Quote:
Perhaps true from a "philospohical perspective, and we are all, of course, "a part of all that we have met" (to misquote, I think, Tennyson).
Not from a philosophical perspective - in actual fact. One has only know a little about historiography to grasp that every generation reinterprets the 'facts' of the last one. It isn't (necessarily) that the latest interpretations are the best ones; but rather that they're the current ones.

Quote:
But I would disagree to the extent that I think we can go back to the evidence and re-examine it and see whether there are other connections, other readings than those arrived at before. Surely, that is what has been done with the memorandum and the marginalia - old readings have been re-scrutinised and new ones reached - it;s called textual criticism.
Well, obviously, Phil. I wasn't suggesting that re-examination should never occur - far from it. Re-interpretation can of course be valuable - and every so often somebody does make a ground-breaking discovery. Most 're-examination' leads only to revisionism as a general point; which rarely stands the test of time. And I'm not sure it is called 'textual criticism' actually.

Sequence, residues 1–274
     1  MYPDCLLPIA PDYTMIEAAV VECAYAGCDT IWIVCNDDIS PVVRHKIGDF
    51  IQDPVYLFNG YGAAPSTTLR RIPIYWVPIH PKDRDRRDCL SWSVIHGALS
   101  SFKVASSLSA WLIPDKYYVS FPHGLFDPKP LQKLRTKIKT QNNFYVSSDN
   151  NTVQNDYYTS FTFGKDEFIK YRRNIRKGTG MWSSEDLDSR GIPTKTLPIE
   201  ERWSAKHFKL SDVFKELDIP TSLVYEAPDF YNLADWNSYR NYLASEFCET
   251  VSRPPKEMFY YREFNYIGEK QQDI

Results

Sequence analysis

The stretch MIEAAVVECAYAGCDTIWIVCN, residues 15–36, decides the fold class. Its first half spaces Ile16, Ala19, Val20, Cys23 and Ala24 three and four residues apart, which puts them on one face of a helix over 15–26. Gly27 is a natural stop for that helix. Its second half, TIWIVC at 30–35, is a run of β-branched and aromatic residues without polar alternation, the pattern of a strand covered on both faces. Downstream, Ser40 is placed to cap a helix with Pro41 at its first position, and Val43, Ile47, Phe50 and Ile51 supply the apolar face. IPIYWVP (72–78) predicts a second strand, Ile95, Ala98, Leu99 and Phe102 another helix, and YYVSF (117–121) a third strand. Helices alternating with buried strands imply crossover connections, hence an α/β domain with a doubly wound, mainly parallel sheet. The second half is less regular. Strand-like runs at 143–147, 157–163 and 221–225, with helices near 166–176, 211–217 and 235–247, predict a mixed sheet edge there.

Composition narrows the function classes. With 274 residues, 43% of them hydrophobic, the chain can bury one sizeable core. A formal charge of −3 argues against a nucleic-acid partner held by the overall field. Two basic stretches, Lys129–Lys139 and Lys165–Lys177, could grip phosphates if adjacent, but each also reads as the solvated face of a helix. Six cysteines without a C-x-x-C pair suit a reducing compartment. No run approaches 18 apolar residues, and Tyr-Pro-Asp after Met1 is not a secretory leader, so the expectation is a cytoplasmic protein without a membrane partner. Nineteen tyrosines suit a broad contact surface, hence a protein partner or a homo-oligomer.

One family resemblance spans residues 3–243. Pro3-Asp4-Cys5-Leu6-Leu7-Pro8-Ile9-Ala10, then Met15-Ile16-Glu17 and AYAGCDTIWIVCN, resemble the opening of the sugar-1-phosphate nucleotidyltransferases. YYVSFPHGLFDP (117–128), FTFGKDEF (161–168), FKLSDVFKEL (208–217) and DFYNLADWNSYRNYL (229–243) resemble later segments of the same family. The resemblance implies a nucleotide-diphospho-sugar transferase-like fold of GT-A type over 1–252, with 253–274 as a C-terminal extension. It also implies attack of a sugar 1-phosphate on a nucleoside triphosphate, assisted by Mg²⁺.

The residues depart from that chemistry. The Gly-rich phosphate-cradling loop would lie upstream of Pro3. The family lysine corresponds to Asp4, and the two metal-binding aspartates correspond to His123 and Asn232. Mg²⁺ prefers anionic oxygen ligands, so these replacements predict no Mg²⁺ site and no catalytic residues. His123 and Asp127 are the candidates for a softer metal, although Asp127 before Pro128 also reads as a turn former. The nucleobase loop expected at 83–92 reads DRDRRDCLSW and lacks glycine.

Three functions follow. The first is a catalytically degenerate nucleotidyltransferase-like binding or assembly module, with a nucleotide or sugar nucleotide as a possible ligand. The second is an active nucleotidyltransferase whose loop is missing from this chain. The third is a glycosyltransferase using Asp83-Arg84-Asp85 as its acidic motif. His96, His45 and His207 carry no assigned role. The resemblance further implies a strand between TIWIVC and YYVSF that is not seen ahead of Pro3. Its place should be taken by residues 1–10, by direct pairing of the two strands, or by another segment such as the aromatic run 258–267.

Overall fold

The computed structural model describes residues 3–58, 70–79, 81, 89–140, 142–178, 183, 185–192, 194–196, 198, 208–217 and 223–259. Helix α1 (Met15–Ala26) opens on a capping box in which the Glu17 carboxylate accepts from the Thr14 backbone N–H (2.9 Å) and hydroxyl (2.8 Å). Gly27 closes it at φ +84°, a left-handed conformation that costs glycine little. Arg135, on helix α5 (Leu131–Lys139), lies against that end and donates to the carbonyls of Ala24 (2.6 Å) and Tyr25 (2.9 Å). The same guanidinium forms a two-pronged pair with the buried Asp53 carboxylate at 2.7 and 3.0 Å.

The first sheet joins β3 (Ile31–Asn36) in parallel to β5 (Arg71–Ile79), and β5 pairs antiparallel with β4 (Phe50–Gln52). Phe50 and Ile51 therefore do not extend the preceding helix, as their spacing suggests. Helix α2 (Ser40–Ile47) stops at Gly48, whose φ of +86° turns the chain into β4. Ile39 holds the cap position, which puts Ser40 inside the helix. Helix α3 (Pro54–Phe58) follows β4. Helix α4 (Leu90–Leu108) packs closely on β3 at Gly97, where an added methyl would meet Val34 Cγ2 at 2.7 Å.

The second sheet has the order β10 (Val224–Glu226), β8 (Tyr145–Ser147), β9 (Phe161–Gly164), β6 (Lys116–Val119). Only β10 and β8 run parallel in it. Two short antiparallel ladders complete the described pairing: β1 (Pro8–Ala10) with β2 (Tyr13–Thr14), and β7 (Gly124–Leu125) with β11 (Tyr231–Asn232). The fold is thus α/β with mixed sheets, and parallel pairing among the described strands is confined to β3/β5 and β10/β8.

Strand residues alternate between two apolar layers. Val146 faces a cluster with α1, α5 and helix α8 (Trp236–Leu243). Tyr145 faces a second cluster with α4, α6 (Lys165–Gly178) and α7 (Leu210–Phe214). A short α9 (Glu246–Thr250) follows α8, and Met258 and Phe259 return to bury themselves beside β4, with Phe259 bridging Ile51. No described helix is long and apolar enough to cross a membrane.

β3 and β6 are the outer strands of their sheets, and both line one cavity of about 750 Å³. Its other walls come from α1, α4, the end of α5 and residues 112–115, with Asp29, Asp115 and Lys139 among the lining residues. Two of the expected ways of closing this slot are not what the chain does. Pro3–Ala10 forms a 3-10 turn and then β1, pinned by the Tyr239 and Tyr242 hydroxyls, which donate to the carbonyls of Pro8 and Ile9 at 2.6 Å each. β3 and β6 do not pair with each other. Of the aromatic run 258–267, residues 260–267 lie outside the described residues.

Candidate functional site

Quote:
On the contrary, I think there are those (and I would include myself) who ARE prepared to, and DO, consider an interpretation of the Whitechapel murders that has a number of different killers with differing motivations.

Smith & Tabram - a gang?

Nichols, Chapman & Eddowes - "Jack"/Leather Apron?

Stride - Kidney?

MJK - A N Other?

Castle Alley murder - (same hand as Nichols etc above or a copycat)

Torso killings & Pinchen St - unknown.
Yes I know Phil, but I'm afraid that I think most of that arises from our inability to determine the identity of 'Jack'. If you split up the murders and say that multiple perpetrators were at work you have much more chance of success of satisfying yourself of a conclusion than you do if insist on chasing the bogeyman. Its a cop out.
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  #73  
Old 05-16-2011, 05:42 PM
Phil H Phil H is offline
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No its not a cop out.

Following the same well-trodden paths that have got us not very far is akin (IMHO) to those who believed the world was flat. Their minds were closed to other possibilities and the opportunities afforded by "striking out boldy".

I think the "cop out" is sticking to the conventional wisdoms.